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Camelot and CanadaCanadian-American Relations in the Kennedy Era$
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Asa McKercher

Print publication date: 2016

Print ISBN-13: 9780190605056

Published to Oxford Scholarship Online: August 2016

DOI: 10.1093/acprof:oso/9780190605056.001.0001

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Grand Designs

Grand Designs

Canada–US Economic Relations, Nationalism, and Global Trade, 1961–1962

Chapter:
(p.117) 4 Grand Designs
Source:
Camelot and Canada
Author(s):

Asa McKercher

Publisher:
Oxford University Press
DOI:10.1093/acprof:oso/9780190605056.003.0005

Mutual frustration and recrimination marked Canadian–American relations over a host of economic questions during the Kennedy period, especially on the important issues stemming from Britain’s 1961 decision to join the European Common Market. For John Diefenbaker and other Canadian nationalists, this move threatened Canadian ties with Britain—a traditional counterweight to the United States—and raised concerns about Canada’s position in North America. This issue, and the emotionalism surrounding it, poisoned the personal relationship between John F. Kennedy and Diefenbaker and strained relations at the diplomatic and ministerial levels, strains reflective of a wider divergence between Canada and the United States. Yet despite these tensions, the special relationship continued to function as Ottawa faced a major economic crisis in the summer of 1962.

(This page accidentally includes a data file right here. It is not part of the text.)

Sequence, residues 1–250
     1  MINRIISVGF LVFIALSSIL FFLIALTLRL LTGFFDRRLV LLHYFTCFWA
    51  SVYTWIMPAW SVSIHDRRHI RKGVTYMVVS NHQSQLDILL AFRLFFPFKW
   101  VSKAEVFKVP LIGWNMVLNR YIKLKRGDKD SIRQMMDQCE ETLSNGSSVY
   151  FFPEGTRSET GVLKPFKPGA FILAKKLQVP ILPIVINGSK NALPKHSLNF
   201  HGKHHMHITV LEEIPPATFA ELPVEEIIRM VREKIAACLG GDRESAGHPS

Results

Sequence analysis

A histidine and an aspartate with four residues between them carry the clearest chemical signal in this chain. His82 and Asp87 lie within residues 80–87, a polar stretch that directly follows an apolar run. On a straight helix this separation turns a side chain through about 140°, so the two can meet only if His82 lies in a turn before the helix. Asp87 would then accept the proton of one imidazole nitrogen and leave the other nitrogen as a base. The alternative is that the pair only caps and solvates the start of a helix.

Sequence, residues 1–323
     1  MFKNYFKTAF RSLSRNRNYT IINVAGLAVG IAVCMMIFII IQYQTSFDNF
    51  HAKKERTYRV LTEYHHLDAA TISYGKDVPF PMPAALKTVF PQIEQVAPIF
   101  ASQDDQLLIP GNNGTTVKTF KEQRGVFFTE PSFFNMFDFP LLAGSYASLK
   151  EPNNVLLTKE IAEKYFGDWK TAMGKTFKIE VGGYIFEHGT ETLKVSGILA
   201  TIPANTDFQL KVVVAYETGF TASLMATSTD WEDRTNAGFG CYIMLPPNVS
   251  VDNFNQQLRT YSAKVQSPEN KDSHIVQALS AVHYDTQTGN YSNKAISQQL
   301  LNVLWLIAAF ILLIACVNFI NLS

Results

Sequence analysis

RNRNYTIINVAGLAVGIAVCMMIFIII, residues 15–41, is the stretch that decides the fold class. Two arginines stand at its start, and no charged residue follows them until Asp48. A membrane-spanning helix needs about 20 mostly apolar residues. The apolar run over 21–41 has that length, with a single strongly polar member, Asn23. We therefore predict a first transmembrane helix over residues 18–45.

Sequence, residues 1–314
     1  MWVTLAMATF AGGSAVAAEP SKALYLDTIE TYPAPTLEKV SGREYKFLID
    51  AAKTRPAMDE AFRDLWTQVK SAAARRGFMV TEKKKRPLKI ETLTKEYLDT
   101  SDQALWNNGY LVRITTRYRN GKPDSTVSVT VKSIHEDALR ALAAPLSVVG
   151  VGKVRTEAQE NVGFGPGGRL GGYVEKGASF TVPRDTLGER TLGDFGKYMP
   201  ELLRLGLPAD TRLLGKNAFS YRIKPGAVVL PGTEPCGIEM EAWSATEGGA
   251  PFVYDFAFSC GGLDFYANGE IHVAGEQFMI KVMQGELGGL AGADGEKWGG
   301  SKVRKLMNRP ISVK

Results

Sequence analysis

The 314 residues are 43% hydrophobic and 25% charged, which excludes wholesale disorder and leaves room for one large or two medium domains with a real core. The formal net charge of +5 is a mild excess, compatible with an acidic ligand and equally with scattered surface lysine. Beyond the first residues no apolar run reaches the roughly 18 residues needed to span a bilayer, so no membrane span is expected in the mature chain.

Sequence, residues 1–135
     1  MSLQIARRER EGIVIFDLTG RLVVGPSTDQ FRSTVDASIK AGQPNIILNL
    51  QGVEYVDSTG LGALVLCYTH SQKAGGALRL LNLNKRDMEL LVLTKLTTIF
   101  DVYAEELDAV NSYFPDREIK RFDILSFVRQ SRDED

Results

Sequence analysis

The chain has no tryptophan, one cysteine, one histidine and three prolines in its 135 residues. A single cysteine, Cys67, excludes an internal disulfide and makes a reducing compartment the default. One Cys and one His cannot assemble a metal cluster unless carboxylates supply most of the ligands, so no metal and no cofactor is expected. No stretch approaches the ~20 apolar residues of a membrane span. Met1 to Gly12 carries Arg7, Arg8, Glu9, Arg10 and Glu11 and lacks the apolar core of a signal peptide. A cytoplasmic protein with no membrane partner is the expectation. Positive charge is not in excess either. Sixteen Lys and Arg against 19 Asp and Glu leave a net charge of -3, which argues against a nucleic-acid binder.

Keywords:   European Economic Community, Common Market, grand design, Canada–US relations, John F. Kennedy, John Diefenbaker, anti-Americanism, Canadian nationalism

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